Cellular Automata Coupled by Overlap or Common Boundary

Cellular automata (CA) are often treated as isolated systems with simple cyclic or Dirichlet boundary conditions. Realistic systems, in contrast, interact with the environment through a boundary. Boundaries can be as simple as solid body surfaces, as complex as walls of living cells, or even non-geometric boundaries of social systems. A boundary, having an intricate structure and being a coupling link to the environment, can strongly influence the system dynamics. Here two elementary CA colored red and blue interact via a boundary consisting of black shared cells. The configuration of coupling is schematically shown on the image at the lower-left corner of the graphic. Even the single cell boundary can significantly alter the dynamics of CA, as shown on the fourth row of snapshots. To see clearly whether the dynamics was altered, switch a few times between the given and zero values of the control "overlap" for comparison. If the overlap is made significantly large, it can be considered as a 2-color range-2 CA interacting with two elementary CA. The boundary in this case is the line separating CA of different color. The CA exchange information via the bordering cells. A few examples of cases when the dynamics are significantly altered by the CA coupling are shown on the third row of snapshots. The Demonstration also shows how larger neighborhood CA patterns arise from the multiple action of smaller neighborhood CA. Simply compare the red and blue patterns to the black ones, which should be done with a substantial number of black cells (with the control "overlap" much larger than 5). A few illustrative examples are shown in the first and second rows of snapshots. Browse the bookmarks; for more information, see the Details section.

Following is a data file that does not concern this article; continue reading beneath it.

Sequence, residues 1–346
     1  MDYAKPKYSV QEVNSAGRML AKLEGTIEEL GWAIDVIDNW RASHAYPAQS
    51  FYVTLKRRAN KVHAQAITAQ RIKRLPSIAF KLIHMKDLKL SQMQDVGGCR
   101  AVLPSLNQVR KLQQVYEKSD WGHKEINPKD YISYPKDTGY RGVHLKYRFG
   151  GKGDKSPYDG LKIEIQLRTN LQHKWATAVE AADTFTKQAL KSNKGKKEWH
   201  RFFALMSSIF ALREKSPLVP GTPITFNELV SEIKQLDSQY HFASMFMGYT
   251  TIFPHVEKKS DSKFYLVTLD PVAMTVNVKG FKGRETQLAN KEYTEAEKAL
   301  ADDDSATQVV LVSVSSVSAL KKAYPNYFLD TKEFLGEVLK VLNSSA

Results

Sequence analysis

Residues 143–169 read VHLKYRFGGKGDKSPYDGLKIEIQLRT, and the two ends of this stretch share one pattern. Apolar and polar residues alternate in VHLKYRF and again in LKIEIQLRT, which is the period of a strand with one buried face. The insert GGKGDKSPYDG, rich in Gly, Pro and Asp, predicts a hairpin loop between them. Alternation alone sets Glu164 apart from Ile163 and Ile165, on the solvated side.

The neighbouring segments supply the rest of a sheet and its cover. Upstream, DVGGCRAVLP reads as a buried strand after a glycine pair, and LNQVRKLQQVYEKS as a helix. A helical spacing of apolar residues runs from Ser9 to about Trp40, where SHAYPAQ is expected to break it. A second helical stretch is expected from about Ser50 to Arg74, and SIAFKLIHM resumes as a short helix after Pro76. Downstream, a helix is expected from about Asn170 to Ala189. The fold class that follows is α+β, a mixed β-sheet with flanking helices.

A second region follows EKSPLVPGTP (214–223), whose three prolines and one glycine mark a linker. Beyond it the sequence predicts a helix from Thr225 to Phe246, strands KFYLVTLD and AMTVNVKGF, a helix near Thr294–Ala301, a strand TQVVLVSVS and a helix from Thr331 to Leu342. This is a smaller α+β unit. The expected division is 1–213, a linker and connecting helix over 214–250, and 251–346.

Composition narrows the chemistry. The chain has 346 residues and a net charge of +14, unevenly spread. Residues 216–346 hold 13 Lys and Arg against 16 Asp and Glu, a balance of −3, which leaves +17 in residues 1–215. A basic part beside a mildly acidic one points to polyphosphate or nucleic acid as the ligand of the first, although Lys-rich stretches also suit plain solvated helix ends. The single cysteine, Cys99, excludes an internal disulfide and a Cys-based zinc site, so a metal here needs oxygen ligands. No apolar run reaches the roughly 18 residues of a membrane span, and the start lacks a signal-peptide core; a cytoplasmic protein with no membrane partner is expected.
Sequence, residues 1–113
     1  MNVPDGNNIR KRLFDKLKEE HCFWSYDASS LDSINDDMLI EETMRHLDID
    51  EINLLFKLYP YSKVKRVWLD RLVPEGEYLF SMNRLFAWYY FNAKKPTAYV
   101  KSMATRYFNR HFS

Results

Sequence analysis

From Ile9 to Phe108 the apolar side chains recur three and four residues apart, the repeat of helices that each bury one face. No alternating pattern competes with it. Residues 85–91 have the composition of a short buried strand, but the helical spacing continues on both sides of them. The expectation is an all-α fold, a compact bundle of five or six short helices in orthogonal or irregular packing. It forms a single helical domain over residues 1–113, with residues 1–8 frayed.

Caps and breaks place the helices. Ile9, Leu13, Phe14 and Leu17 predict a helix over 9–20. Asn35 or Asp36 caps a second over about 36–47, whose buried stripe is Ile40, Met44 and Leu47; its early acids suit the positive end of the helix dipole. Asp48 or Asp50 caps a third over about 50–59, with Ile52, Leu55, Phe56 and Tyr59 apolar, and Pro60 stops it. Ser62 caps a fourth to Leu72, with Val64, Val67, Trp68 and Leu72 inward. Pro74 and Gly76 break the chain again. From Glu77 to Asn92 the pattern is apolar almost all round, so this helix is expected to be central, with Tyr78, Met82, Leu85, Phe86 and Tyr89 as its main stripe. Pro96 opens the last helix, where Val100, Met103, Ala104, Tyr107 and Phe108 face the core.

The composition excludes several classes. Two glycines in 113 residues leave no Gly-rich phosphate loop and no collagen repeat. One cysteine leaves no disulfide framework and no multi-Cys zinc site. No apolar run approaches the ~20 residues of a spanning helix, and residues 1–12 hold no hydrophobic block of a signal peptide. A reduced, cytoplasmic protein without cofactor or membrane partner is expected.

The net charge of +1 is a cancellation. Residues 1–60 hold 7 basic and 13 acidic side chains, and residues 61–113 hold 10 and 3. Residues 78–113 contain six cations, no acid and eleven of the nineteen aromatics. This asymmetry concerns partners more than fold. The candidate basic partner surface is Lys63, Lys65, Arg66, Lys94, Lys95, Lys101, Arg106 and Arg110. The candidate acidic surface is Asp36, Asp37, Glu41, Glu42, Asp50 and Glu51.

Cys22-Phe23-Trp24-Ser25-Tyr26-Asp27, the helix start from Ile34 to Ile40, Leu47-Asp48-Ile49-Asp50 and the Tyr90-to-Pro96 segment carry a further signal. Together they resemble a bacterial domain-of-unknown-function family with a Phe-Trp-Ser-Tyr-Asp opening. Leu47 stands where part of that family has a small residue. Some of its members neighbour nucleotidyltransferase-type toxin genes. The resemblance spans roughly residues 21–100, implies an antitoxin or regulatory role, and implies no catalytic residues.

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This Demonstration shows the evolution of two elementary CA sharing several black cells. Unshared cells are red and blue to distinguish between the different CA. The number of shared cells is set by the control "overlap". When the "overlap" is zero, no cells are shared and the red and blue CA evolve independently. In this zero-overlap case evolution takes place on isolated red and blue loops due to cyclic boundary conditions. Increasing the control "overlap" does NOT change the number of cells in the red and blue loops, but makes some of the cells common to both CA. This is schematically shown on the image at the lower-left corner of the graphic. In some way the "overlap" control acts as a "zipper" fusing the red and blue loops together. With equal numbers of red and blue cells it is possible to completely "zip up" the loops. At a single step in the evolution, the "red rule" is applied to the red loop including the black shared cells, and then the "blue rule" is applied to the blue loop including the same black cells once again. Thus, during a single step of the evolution, black shared cells are acted upon twice by two generally different 2-color range-1 CA rules. Such double action is equivalent to a single action of a 2-color range-2 CA rule. All three CA (red, blue, and black) interact through the bordering cells exchanging information.
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